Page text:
Nonfiction > Harvard Classics > Sir Thomas Malory > The Holy Grail
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Sir Thomas Malory (d. 1471).  The Holy Grail.
The Harvard Classics.  1909–14.
 
The Sixteenth Book
 
Chapter XI
 
How Sir Bors Told His Dream to a Priest, Which He Had Dreamed and of the Counsel That the Priest Gave to Him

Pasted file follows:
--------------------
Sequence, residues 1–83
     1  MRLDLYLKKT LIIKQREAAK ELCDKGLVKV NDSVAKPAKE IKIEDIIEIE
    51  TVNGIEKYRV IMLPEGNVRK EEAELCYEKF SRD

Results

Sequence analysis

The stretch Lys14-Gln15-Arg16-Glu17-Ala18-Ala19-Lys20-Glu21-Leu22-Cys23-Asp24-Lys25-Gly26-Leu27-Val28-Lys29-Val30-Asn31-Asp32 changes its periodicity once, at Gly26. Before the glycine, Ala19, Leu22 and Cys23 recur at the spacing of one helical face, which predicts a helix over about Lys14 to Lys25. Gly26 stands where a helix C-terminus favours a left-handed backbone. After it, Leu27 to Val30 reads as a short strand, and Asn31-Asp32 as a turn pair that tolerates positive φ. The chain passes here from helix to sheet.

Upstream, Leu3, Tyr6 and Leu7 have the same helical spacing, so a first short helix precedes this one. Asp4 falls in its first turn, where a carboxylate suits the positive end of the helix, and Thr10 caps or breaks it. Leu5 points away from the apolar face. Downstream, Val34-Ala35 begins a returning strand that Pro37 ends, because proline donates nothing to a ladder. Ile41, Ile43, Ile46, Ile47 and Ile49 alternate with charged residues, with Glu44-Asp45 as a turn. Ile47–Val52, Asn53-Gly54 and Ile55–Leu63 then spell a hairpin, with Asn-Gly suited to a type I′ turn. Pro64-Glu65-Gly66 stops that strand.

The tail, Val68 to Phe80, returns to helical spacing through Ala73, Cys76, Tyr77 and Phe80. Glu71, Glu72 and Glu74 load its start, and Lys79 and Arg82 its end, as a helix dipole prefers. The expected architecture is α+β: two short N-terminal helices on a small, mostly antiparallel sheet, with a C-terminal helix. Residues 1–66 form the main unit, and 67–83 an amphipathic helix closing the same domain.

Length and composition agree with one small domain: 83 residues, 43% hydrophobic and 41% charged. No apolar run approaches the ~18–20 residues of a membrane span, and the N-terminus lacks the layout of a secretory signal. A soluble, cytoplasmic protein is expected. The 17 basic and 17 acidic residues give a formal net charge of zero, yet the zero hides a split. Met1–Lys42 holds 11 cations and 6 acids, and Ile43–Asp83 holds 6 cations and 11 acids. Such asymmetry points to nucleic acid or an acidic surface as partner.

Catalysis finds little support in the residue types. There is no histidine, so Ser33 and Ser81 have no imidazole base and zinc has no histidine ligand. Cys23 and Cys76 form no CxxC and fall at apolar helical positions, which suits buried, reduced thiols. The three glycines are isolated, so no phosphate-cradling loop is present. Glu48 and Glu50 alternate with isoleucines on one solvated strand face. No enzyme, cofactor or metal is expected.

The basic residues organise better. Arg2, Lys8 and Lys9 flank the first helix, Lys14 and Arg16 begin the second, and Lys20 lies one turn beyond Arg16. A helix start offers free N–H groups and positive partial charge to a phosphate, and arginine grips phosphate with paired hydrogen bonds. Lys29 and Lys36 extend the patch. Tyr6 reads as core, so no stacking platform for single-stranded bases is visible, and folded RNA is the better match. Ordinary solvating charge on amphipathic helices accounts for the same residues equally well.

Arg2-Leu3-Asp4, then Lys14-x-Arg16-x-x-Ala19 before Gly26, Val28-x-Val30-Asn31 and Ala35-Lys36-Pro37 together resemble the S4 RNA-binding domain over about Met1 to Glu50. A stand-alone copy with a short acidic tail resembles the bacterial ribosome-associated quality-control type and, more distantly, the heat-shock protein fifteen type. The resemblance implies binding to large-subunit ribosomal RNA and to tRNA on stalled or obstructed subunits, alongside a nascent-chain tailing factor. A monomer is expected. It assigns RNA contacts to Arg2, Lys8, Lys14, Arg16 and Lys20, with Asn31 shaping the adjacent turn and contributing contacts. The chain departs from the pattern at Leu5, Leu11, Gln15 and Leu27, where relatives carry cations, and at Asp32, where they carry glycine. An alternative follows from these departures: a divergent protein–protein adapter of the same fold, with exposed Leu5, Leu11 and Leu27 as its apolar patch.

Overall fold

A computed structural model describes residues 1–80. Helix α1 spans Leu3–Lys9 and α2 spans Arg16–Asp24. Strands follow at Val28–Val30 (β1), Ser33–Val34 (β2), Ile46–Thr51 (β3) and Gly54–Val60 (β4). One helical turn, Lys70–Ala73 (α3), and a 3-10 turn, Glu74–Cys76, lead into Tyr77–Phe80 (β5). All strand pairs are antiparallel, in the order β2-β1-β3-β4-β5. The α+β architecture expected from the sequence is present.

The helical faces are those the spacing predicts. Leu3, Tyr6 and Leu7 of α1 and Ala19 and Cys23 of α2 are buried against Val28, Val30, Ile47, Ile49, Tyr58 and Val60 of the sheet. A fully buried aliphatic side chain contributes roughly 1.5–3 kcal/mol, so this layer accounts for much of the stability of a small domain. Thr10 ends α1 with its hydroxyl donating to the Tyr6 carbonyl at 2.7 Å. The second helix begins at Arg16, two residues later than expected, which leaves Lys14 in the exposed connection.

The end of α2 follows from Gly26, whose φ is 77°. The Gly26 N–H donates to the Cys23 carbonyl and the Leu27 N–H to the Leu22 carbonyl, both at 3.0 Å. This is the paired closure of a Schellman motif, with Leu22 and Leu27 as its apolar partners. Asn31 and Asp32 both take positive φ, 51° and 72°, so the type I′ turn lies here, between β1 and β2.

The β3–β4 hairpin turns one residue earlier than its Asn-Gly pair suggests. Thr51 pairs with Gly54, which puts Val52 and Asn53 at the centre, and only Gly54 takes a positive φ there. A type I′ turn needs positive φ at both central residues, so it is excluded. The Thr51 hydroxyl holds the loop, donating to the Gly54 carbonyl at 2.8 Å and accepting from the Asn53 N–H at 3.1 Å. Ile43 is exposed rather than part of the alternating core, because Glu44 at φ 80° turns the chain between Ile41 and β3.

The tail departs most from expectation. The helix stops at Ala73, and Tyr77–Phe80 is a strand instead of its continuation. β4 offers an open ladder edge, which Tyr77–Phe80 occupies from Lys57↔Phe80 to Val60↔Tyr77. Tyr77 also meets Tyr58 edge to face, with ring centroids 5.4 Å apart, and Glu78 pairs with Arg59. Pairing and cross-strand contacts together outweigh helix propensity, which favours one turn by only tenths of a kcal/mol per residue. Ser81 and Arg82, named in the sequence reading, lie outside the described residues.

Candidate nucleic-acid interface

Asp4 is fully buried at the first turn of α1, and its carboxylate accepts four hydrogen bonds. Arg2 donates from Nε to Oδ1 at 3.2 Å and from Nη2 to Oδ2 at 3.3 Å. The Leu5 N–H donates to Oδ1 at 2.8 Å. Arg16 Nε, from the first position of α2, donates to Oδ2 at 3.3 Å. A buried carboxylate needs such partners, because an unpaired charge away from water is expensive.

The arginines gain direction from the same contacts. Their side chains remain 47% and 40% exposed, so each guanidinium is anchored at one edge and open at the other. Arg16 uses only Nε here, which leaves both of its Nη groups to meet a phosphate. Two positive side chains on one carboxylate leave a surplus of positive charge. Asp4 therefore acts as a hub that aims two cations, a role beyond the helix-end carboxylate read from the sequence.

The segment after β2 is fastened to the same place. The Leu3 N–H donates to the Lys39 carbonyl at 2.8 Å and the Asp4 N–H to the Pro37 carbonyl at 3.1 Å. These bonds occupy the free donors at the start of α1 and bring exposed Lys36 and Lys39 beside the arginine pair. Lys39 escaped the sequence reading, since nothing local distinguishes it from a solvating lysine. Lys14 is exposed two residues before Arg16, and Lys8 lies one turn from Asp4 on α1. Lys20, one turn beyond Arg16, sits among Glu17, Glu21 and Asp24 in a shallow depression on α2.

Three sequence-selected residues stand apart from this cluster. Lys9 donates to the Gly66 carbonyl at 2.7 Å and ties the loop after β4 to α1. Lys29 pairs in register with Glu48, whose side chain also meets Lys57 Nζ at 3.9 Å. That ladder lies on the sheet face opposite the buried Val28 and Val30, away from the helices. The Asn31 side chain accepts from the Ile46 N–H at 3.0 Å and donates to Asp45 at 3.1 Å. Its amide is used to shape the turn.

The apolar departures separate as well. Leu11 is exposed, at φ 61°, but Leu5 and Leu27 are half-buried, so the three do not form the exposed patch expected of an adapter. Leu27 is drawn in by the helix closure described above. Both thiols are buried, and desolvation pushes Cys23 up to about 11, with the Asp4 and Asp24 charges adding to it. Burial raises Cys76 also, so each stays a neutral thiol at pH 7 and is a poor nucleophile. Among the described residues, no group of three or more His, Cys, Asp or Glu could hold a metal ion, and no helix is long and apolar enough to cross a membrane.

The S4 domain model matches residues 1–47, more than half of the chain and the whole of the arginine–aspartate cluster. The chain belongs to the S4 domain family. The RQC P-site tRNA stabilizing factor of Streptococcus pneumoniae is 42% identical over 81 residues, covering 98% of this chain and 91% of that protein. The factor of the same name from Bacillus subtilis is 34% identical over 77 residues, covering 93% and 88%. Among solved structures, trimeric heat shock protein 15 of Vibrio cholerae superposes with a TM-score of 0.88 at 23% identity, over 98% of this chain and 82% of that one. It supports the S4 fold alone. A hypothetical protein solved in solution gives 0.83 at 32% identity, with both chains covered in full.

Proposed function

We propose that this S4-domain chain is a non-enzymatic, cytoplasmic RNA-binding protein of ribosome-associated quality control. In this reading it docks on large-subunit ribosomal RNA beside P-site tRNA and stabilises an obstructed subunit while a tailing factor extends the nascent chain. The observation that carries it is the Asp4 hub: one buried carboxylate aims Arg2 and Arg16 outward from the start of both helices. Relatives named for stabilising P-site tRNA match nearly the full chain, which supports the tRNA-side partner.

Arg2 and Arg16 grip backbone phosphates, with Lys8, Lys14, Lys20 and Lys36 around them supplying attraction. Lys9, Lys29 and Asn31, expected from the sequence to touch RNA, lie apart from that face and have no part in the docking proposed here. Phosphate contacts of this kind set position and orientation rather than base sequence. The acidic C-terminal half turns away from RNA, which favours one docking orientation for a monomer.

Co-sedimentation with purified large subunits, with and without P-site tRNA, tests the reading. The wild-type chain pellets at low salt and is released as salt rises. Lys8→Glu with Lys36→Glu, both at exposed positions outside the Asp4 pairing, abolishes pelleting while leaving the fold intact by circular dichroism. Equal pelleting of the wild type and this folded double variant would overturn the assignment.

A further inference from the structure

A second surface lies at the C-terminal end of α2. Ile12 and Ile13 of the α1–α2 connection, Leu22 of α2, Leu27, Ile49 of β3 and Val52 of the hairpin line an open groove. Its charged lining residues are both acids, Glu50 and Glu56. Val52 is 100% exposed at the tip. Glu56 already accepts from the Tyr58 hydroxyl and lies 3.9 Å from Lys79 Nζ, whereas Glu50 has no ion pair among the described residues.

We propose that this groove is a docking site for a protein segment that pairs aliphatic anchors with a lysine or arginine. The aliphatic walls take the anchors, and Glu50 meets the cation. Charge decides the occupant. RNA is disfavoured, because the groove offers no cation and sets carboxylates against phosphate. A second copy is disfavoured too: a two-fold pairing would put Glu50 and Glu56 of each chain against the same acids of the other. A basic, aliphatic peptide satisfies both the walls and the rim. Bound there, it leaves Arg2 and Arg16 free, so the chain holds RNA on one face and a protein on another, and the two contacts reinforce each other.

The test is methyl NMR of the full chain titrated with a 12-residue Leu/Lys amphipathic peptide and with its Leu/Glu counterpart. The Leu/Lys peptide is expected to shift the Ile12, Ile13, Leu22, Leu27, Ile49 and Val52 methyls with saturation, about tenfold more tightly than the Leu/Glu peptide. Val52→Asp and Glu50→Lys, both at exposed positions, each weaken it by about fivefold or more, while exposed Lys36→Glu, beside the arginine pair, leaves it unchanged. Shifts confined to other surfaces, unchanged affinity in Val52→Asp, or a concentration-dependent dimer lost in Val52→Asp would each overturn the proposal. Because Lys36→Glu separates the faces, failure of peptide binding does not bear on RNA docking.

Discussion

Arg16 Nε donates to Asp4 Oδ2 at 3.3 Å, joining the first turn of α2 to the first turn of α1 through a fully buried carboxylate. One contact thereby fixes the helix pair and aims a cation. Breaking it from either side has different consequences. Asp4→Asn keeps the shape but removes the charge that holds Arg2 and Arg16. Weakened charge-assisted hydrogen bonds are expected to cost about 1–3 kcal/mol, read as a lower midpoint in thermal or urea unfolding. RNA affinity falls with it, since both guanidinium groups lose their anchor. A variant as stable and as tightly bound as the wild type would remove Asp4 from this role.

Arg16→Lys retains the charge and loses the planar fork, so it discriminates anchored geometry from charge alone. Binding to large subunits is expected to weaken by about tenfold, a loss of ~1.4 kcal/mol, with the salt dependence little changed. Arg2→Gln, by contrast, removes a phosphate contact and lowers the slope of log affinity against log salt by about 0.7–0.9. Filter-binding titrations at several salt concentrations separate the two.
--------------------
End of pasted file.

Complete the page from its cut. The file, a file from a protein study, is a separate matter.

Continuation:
NOW leave we him here, said the good man, and go we to our harbour till to-morrow; we will come here again to do him service. Sir, said Bors, be ye a priest? Yea forsooth, said he. Then I pray you tell me a dream that befell to me the last night. Say on, said he. Then he began so much to tell him of the great bird in the forest, and after told him of his birds, one white, another black, and of the rotten tree, and of the white flowers. Sir, I shall tell you a part now, and the other dele to-morrow. The white fowl betokeneth a gentlewoman, fair and rich, which loved thee paramours, and hath loved thee long; and if thou warne her love she shall go die anon, if thou have no pity on her. That signifieth the great bird, the which shall make thee to warne her. Now for no fear that thou hast, nor for no dread that thou hast of God, thou shalt not warne her, but thou wouldst not do it for to be holden chaste, for to conquer the loos of the vain glory of the world; for that shall befall thee now an thou warne her, that Launcelot, the good knight, thy cousin, shall die. And therefore men shall now say that thou art a manslayer, both of thy brother, Sir Lionel, and of thy cousin, Sir Launcelot du Lake, the which thou mightest have saved and rescued easily, but thou weenest to rescue a maid which pertaineth nothing to thee. Now look thou whether it had been greater harm of thy brother’s death, or else to have suffered her to have lost her maidenhood. Then asked he him: Hast thou heard the tokens of thy dream the which I have told to you? Yea forsooth, said Sir Bors, all your exposition and declaring of my dream I have well understood and heard. Then said the man in this black clothing; Then is it in thy default if Sir Launcelot, thy cousin, die. Sir, said Bors, that were me loth, for wit ye well there is nothing in the world but I had lever do it than to see my lord Sir Launcelot du Lake, to die in my default. Choose ye now the one or the other, said the good man. And then he led Sir Bors into an high tower, and there he found knights and ladies: those ladies said he was welcome, and so they unarmed him. And when he was in his doublet men brought him a mantle furred with ermine, and put it about him; and then they made him such cheer that he had forgotten all his sorrow and anguish, and only set his heart in these delights and dainties, and took no thought more for his brother, Sir Lionel, neither of Sir Launcelot du Lake, his cousin. And anon came out of a chamber to him the fairest lady that ever he saw, and more richer bysene than ever he saw Queen Guenever or any other estate. Lo, said they, Sir Bors, here is the lady unto whom we owe all our service, and I trow she be the richest lady and the fairest of all the world, and the which loveth you best above all other knights, for she will have no knight but you. And when he understood that language he was abashed. Not for then she saluted him, and he her; and then they sat down together and spake of many things, in so much that she besought him to be her love, for she had loved him above all earthly men, and she should make him richer than ever was man of his age. When Bors understood her words he was right evil at ease, which in no manner would not break chasity, so wist not he how to answer her.  1
 

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